Karl Malbrain wrote: > Patricia Shanahan wrote: > > Ultimately, I don't think the subject of this thread even asks the right > > question. It should be "Set theory: Should you use?". I don't even know > > what it means to believe set theory. > > > > Believing means to agree with the axioms of set theory. > > intransitive verb > 1 a : to have a firm religious faith b : to accept as true, genuine, or > real <ideals we believe in> <believes in ghosts>
To say that is about as stupid as to say something like "Do you believe in a screwdriver." It is a tool that you use, just like set theory. Mathematics is saying A=>B, there is nothing that forces anyone to "believe" A is true. If people just say "B", then they are implicitly assuming that everyone knows there is some axiom system in the background and most people would assume something in terms of ZFC or some such and that B is really just a result "ZFC => B." However, to state that for just about every result in the literature would become cumbersome.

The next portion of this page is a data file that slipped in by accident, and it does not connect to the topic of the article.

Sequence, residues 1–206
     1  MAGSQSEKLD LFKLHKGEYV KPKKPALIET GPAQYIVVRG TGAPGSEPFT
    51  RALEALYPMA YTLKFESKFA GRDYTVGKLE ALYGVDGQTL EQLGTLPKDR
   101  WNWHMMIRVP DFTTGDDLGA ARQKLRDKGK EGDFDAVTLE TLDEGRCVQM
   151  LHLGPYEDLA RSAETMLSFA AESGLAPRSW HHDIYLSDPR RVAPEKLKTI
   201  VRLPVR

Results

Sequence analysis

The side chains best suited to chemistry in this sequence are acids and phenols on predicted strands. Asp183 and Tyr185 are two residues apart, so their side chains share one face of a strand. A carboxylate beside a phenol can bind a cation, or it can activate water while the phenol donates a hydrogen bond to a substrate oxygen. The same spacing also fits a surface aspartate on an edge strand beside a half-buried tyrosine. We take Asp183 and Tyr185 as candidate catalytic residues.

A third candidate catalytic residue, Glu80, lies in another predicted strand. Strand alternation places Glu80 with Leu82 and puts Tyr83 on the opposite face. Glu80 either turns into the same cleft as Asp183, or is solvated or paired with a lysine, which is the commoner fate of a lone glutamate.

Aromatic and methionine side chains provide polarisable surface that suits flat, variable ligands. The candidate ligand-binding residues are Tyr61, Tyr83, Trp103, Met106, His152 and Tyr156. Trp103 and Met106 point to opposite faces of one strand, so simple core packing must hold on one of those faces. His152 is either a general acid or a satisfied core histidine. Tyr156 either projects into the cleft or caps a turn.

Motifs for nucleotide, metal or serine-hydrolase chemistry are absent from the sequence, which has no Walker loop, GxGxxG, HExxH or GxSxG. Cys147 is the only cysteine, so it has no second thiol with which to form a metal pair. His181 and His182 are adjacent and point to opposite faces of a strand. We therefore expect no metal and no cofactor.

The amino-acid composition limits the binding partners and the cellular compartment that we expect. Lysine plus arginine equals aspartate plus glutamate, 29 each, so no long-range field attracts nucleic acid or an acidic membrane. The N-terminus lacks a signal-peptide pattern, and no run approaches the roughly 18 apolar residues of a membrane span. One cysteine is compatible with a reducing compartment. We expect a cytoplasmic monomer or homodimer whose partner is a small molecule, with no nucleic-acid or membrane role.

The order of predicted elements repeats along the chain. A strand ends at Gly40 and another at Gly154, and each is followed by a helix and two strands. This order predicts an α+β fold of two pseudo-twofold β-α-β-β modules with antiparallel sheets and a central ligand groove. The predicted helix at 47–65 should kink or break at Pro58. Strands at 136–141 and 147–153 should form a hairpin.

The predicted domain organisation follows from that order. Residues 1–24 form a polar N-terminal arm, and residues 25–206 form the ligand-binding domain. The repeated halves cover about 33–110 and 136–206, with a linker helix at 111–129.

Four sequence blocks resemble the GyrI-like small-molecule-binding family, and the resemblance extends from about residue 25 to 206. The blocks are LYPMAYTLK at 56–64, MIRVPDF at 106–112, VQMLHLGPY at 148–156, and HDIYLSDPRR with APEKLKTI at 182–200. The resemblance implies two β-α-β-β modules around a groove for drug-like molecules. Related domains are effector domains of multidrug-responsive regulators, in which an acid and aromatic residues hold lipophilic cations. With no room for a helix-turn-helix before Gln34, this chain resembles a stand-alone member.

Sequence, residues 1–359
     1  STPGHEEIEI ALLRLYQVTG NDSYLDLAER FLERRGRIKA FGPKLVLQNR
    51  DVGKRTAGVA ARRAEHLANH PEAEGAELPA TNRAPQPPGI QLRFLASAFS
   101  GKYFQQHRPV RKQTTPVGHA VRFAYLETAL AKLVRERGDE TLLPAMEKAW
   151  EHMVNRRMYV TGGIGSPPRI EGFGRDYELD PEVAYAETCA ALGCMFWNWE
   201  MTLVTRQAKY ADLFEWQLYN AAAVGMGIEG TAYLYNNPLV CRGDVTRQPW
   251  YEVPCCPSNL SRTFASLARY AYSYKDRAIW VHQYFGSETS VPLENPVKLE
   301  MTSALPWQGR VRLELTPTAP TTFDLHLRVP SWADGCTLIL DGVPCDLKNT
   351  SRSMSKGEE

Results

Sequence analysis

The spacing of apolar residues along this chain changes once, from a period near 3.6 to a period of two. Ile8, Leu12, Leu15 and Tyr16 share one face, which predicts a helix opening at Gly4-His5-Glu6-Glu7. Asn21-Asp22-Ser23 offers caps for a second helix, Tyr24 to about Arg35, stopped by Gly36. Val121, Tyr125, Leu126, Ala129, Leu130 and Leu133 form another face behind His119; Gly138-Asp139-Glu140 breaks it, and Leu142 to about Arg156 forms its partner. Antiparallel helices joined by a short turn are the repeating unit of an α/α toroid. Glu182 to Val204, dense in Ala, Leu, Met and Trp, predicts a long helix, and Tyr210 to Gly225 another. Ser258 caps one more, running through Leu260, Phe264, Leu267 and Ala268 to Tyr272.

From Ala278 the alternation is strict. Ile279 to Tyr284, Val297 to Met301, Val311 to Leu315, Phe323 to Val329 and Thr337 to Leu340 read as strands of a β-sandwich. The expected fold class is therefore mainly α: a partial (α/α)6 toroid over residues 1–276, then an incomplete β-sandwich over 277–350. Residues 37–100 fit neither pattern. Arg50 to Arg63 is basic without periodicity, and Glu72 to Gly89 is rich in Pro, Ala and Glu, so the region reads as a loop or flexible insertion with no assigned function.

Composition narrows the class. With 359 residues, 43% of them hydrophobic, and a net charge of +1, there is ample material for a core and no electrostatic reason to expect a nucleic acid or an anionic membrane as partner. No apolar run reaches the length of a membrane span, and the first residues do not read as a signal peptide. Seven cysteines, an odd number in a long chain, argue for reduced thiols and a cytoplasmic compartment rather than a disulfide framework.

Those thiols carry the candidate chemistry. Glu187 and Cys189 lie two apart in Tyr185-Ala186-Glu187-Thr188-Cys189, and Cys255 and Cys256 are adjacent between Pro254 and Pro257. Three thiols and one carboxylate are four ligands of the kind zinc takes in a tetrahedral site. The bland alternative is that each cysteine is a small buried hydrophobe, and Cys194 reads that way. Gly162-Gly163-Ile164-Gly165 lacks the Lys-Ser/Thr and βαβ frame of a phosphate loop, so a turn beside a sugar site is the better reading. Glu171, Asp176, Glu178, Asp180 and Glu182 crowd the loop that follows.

Most mathematicians would, in my opinion, "agree" that ZFC are most probably consistent, and most probably the best basis (currently) for modeling the real world. Pragmatic acceptance is all that is required to work with ZFC. Belief is not neccessary (but of course not disallowed). And of course most mathematicians don't really use ZFC, but rather naive set theory. All that we need ZFC for is to show that most naive set reasoning probably does follow from a few consistent axioms.